Monday, November 26, 2007

The Coolest Headwear For Bikers

Last year at the Seattle Cycle World International Motorcycle Show there was a guy demonstrating these cool head wraps called a BUFF®. I was enthralled by the unique way these tubes of microfibre fabric could be turned into over 12 different items that were useful for motorcyclists.

The BUFF® was invented in Spain and is still produced there exclusively. There are hundreds of patterns and designs to fit anyone’s taste or interest. The buff also comes in different weights and fabrics so can be useful in any walk of life. I bought the ORIGINAL BUFF® which seems to be useful year around and is lightweight but effective to reduce wind chill while you’re riding in the cold weather.

I had to have the design with the black background, deep red roses, and small skulls interspersed among the roses. It's called Roses&Bones. I love it. I ordered it online at, because my local motorcycle shops had never even heard of the BUFF®. I guess they don’t get out much. So when I received it and opened the package, I thought it was kind of cheesy for the price I paid. I was wrong… I began to play with it and try to change it into the many configurations the package showed I became more enthralled. You can turn it into so many useful items and the more you play with it, the more items you discover.

As the website shows, it can be a neck gaiter, beanie cap, headband, hair scrunchie, mask, neckerchief, balaclava, bandana, scarf, wristband, foulard, saharaine, pirate cap, etc.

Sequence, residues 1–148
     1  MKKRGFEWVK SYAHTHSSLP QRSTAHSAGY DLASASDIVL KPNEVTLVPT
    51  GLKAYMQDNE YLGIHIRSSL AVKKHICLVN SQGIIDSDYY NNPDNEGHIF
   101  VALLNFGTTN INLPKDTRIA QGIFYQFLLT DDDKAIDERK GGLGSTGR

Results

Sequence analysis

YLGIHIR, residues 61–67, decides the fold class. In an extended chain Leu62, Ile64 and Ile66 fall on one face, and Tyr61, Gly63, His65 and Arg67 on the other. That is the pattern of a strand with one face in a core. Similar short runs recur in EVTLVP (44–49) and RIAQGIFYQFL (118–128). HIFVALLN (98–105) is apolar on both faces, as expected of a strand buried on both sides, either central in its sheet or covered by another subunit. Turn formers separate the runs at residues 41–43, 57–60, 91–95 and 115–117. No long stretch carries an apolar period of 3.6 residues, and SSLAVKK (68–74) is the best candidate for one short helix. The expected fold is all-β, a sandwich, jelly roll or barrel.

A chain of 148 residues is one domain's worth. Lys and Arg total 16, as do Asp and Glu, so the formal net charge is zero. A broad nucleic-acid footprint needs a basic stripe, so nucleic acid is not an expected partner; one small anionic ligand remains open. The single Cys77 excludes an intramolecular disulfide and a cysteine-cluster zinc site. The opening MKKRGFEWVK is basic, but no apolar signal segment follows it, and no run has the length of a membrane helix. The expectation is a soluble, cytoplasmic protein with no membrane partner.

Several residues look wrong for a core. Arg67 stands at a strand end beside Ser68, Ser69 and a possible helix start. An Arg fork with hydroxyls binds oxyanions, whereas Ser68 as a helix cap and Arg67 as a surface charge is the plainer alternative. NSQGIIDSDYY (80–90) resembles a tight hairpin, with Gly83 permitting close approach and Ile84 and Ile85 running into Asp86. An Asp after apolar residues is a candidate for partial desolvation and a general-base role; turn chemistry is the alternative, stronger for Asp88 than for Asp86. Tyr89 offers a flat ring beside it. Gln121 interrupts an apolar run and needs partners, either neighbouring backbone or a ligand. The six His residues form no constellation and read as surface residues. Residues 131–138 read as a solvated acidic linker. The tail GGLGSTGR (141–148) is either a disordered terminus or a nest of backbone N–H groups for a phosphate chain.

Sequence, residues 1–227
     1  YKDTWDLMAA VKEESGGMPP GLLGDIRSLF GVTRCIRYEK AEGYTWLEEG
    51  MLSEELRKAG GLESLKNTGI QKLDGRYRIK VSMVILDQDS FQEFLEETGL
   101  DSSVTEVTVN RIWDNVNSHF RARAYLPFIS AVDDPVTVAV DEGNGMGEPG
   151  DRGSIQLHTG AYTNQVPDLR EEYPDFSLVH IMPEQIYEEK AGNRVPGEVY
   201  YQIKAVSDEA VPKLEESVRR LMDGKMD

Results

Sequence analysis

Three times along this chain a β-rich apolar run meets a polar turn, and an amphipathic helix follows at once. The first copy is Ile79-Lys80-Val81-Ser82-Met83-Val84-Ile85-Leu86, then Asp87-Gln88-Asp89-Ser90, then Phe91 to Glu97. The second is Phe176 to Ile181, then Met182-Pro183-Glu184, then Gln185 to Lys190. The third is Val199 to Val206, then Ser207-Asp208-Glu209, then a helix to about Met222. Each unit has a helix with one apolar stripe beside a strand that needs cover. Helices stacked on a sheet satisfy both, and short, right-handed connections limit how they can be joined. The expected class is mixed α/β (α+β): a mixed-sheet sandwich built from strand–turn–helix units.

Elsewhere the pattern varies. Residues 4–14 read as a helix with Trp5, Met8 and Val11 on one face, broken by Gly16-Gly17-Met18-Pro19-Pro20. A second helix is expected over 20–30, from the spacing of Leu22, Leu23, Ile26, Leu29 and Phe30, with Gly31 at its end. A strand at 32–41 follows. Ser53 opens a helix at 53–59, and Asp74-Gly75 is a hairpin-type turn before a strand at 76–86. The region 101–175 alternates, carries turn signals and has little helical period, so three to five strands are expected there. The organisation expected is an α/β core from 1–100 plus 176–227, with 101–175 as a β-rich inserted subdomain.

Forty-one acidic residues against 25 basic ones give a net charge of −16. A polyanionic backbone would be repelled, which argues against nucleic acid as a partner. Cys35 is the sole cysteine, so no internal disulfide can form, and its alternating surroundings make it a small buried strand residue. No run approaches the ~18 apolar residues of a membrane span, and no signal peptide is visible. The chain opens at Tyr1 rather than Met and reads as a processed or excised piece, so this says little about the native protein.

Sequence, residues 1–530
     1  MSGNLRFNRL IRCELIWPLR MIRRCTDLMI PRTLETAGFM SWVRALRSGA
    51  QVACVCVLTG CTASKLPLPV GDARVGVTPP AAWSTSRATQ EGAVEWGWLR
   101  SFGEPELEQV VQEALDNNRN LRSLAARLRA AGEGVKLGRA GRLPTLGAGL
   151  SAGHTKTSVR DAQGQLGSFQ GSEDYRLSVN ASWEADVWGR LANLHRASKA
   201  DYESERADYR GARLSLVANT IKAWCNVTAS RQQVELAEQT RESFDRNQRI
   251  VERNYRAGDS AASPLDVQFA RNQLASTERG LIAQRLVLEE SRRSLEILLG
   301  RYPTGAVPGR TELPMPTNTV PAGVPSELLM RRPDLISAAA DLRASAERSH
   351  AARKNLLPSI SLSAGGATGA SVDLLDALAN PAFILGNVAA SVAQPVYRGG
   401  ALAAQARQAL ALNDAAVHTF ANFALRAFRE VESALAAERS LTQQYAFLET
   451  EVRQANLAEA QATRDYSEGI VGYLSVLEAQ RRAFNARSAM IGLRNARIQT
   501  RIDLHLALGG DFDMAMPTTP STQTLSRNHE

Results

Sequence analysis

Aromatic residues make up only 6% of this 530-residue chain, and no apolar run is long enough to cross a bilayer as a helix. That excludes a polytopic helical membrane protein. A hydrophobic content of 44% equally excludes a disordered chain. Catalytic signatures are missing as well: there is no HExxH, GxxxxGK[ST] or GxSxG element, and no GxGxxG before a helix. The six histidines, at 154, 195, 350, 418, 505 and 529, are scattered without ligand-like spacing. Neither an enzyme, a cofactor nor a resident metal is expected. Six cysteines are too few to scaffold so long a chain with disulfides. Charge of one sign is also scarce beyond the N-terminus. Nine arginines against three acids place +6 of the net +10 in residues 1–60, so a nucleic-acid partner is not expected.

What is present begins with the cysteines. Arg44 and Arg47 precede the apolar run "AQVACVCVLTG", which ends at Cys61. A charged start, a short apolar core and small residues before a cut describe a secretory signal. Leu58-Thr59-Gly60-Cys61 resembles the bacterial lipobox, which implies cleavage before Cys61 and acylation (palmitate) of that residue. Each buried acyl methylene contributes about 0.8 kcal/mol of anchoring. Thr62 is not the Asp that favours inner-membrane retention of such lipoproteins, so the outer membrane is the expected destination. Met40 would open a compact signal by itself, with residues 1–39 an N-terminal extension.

This is an amazing help to motorcyclist, horseback riders, and outdoorsmen of any kind.
It’s comfortable, thin enough to fit under your helmet, and folds up small enough to fit into your pocket easily. They can be rinsed in soapy water and air dry in minutes, or it can be machine washed, but not dried. I may have to buy another one as I seem to be wearing this ORIGINAL BUFF® constantly, even around the house!

Saturday, November 24, 2007

Thanksgiving Day Ride

I was alone on Thanksgiving Day this year. My better half had gone to Phoenix to visit his family and I had stayed home to prepare to cook my holiday meal for family and friends on Friday.

The sun was out and since I had no commitments, I had planned to take a long ride on my Vulcan. It was below freezing in the morning, so I kept watching the temps and waited until it got somewhere over 40 degrees before I would venture out on my ride.

Something came over me that has happened previously. As I watched the day warm and the frosty white rooftops in the neighborhood started to melt away, a feeling of doom and inner fear began to come over me. I could have easily not ridden that day, but I had looked forward to it. This time of year you have to take advantage of any dry days to get the motorcycles out and keep them running through the winter. I forced myself to go.

I put on my thermal bottoms under my heaviest riding jeans. I wore 2 heavy layers on top as well as my leather jacket with the winter lining in it. I had on my heaviest winter riding gloves, and a neck wrap tucked up over my chin and held there by my helmet strap. It was fine as I headed out.

As soon as I left home the feeling of dread left. I am getting more comfortable all the time with my new motorcycle, but still have to be careful with the handling on tight turns and the weight of the bike if I get it off balance. I headed north towards Lake Stevens off of Highway 9.

Traffic was lighter than usual by mid-day on Thanksgiving. I was comfortably warm for about 45 minutes into the ride. As I neared Lake Stevens I knew there were 3 or 4 turn-offs to get to the actual lake. There is a lovely road that encircles the lake and I thought that would be a beautiful place to ride that day and take pictures. Before I left home I had looked for my camera so I could take some photos of the lake with the snow-covered Cascade Mountains in the background. Apparently the camera had gone to Phoenix for the Holiday. I need a camera phone……..